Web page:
SUPERVISOR GASPAR TEAMS WITH SHERIFF GORE, SAN DIEGO ASSOCIATION OF REALTORS AND SAFE HOMES COALITION TO LAUNCH INNOVATIVE PROGRAM AIMED AT REDUCING ACCESS TO DANGEROUS OPIOIDS

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VOLUNTEERS DISTRIBUTING HUNDREDS OF BAGS FOR SAFE DISPOSAL OF OLD AND UNUSED PRESCRIPTION DRUGS

To counter the rising number of opioid deaths, Saturday, Supervisor Kristin Gaspar, Sheriff Bill Gore, Safe Homes Coalition and the San Diego Association of REALTORS kicked off the “Keep Kids Safe” program.

For the 4thyear in a row, the number of San Diegans who died from unintentional drug-related deaths went up. According to the San Diego County Prescription Drug Abuse Task Force, 273 people died in 2017. And 4 in 10 teens who have misused or abused a prescription drug say they stole it from their parent’s medicine cabinet.

“As a parent of three children, this terrifies me,” said Supervisor Gaspar. “That’s why I contributed $100,000 of District 3 funds to help launch the “Keep Kids Safe” program and make every parent aware of the silent danger that may be sitting in their medicine cabinet.” CEO of Safe Homes Coalition Scott Silverman said, “Prescription drug abuse is a critical and complex public health issue that impacts millions of Americans. Together, we can keep these addictive medications out of the hands of children and save lives”.

More than 150 real estate professionals went door-to-door around the county explaining how leaving unused prescription medications in their home can get into the wrong hands. They provided pre-paid, pre-addressed envelopes in which San Diegans can place unwanted prescriptions that will be shipped to a facility and incinerated.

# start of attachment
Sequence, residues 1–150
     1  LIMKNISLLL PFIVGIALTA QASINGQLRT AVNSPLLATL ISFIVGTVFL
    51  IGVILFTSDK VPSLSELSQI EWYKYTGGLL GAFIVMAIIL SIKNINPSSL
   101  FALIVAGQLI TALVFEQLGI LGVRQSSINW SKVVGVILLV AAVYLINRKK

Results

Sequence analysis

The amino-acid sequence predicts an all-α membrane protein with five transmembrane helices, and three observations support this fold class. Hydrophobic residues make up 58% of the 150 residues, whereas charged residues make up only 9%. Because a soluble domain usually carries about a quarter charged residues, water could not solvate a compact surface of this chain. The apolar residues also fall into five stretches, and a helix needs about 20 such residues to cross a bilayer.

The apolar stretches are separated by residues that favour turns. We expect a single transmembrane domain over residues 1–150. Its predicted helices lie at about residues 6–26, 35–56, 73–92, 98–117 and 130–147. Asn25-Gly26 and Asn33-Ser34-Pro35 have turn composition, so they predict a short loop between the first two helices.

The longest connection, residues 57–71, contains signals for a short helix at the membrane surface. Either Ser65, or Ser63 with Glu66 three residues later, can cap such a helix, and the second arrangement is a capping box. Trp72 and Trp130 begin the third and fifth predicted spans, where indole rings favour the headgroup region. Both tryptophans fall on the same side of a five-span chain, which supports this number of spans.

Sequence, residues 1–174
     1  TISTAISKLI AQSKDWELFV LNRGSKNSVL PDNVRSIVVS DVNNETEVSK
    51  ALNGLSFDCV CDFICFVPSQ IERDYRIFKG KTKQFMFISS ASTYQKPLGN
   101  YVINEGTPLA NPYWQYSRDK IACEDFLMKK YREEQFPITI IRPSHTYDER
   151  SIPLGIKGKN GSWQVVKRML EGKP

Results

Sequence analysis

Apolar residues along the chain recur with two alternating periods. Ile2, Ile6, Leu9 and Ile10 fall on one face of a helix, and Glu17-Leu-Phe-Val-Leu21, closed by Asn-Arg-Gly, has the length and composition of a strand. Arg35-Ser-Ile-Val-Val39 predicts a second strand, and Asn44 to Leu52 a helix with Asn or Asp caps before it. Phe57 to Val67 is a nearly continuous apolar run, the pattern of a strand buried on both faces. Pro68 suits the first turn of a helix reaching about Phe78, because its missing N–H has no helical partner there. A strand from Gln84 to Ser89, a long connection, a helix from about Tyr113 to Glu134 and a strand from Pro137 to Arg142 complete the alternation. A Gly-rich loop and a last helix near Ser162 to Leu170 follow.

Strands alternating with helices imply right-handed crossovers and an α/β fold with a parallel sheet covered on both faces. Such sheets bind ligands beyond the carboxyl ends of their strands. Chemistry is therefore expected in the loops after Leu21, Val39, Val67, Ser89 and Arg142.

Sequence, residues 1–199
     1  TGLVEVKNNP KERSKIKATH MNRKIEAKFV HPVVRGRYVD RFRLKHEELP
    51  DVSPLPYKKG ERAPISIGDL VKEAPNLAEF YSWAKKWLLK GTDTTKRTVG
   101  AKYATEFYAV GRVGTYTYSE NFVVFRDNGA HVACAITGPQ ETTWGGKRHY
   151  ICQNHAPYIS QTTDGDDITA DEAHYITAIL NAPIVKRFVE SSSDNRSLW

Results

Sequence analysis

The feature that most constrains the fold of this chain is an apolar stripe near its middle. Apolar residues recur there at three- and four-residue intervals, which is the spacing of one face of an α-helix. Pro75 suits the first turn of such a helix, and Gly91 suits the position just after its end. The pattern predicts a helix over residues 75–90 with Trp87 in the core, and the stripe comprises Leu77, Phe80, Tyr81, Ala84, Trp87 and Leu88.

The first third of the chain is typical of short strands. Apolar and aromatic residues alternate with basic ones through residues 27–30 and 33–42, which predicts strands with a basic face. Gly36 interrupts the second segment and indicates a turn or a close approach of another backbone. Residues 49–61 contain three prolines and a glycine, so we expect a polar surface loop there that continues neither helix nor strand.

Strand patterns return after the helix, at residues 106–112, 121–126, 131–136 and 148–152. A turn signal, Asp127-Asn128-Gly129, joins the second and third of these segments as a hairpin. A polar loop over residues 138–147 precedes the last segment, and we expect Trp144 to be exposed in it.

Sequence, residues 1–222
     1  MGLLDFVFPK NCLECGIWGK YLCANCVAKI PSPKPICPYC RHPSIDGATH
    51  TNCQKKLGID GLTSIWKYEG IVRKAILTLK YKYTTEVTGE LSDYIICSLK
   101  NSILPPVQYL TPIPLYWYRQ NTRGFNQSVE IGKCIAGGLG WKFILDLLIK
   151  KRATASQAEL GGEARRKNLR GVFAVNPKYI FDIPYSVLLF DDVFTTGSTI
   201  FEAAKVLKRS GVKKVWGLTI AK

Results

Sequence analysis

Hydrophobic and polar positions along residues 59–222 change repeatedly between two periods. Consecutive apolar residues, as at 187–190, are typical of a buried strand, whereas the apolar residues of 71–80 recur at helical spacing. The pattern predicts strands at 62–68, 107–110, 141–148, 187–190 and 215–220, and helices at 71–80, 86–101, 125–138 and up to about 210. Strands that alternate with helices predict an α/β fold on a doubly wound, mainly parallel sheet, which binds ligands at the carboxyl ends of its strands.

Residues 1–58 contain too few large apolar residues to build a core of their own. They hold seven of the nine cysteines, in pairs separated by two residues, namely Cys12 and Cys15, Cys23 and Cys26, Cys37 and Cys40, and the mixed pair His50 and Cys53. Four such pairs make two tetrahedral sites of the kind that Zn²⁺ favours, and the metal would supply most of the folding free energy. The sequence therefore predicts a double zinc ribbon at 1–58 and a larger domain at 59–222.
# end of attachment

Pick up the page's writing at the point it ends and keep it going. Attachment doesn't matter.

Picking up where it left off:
Sheriff Gore said, “By making prescription drugs less accessible to our youth and those they are not prescribed for, we will help to reduce overdoses, deaths and many crimes occurring in our region.”

The hope is for San Diegans to be proactive and make prescription drugs less accessible to children.

Program partner American Medical Response said, “Our medics are witness to this crisis nearly every day and we must all join together to help tackle the drug problem we are seeing in our community.”

San Diego People: Opioid Crisis in San Diego

A nationwide epidemic is killing hundred of thousands of people across the United States every single year. According to the National Institute of Drug Abuse, opioid overdoses kill more then 130 people in the United States each day.

In San Diego County, overdose deaths from opioids have now surpassed every other kind of drug.

In the first segment of this San Diego People, County Supervisor Kristin Gaspar, and Sheriff’s Lieutenant Karen Stoob-Care talked about the local impact of opioids and how the sheriff’s department is working to combat the crisis.

Later in the show we talked to Sue Harris, who lost her son to the opioid crisis, and the Executive Director of Safe Home Coalition Scott Silverman talked about things everyone can do to address a loved one who is suffering from addiction.

Last, Ennis Jackson, a paramedic, and Kevin Burke, the President of Greater San Diego Association of Realtors talked about the constant attention first responders are putting on the opioid crisis and how realtors are stepping in to help.

Watch here.

Amid Opioid Crisis, AMR Joins Initiative to Prevent Prescription Drug Misuse

American Medical Response responds to more than 200,000 emergency medical transports annually in San Diego County. In recent years, AMR has seen a growing number of overdoses associated with suspected opioid use, according to Madeleine Baudoin, AMR’s government and public affairs manager.

“AMR is committed to the health and safety of every resident.  Decreasing the need for EMS through injury and illness prevention is an integral part of AMR’s commitment to community health,” Baudoin said. “AMR has set a goal to help reduce overdose deaths through prevention education.”

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